Phoenix City Council essentially kills Vision Zero safety plan in voting deadlock

PHOENIX (FOX 10) -- The Phoenix City Council is looking for ways to lower pedestrian fatalities.

On Tuesday, the City Council voted on a plan called the "Vision Zero" traffic safety program. It would reduce speed limits across the city, but some council members are saying "not so fast."

The numbers are staggering, as pedestrian deaths in Phoenix have doubled over the last decade, putting the city third on a list no city wants to be in: the deadliest places for pedestrians.

Vision Zero is a nationwide effort that aims to eliminate pedestrian deaths through measures like reduced speed, lane adjustments, and different traffic signal strategies.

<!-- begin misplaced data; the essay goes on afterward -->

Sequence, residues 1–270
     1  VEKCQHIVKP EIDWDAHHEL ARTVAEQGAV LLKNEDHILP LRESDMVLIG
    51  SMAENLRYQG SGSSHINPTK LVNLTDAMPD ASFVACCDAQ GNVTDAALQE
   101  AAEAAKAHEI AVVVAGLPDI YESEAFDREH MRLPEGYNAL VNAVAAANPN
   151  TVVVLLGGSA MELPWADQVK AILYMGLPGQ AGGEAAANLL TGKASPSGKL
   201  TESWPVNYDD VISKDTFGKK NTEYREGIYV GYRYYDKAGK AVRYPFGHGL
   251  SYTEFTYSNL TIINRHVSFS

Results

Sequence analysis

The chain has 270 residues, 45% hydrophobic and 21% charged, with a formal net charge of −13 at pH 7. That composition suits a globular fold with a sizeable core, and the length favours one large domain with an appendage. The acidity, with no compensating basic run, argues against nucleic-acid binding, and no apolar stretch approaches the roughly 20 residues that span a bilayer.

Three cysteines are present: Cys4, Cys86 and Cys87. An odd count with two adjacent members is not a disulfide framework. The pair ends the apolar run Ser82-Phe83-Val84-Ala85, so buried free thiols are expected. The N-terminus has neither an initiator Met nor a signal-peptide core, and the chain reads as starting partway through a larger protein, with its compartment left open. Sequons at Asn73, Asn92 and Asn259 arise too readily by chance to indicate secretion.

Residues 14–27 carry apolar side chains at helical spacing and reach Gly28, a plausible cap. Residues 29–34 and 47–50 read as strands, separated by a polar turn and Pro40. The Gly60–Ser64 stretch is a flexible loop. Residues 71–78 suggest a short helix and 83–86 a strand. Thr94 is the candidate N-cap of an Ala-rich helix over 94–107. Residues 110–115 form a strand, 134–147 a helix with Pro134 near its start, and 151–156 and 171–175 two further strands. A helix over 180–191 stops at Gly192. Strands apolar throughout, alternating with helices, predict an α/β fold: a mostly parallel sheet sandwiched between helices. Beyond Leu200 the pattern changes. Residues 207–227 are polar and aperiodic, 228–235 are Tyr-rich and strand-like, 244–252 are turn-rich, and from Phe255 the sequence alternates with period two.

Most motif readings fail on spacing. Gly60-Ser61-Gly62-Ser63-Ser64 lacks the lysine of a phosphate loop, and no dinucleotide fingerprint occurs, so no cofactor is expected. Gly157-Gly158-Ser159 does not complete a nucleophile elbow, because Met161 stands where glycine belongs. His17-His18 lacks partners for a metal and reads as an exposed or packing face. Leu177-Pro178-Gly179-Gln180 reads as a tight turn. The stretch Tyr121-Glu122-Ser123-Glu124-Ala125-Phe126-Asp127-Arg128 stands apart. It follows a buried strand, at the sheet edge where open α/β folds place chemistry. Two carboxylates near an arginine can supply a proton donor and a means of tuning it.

The plan got mixed reviews from the public.

"If you really want to stop any sort of pedestrian deaths in our city, ban vehicles completely, or ban drunks, or ban people from using drugs and walking in the middle of the street," said one person.

"I'm looking to all eight or nine of you, and asking you what is the solution? Because I sure as heck shouldn't have to risk my life crossing the street or riding my bike to work," said Vision Zero supporter John Glenn.

"I'm concerned with Vision Zero, an overreaction, so I'm fine with collecting data, it seems in over 50% of these cases there's alcohol involved, or pedestrians are outside of where they're supposed to be," said Courtney Shadegg, who is opposed to Vision Zero.

In the end, the council essentially killed the Vision Zero plan, in a four-to-four deadlock vote.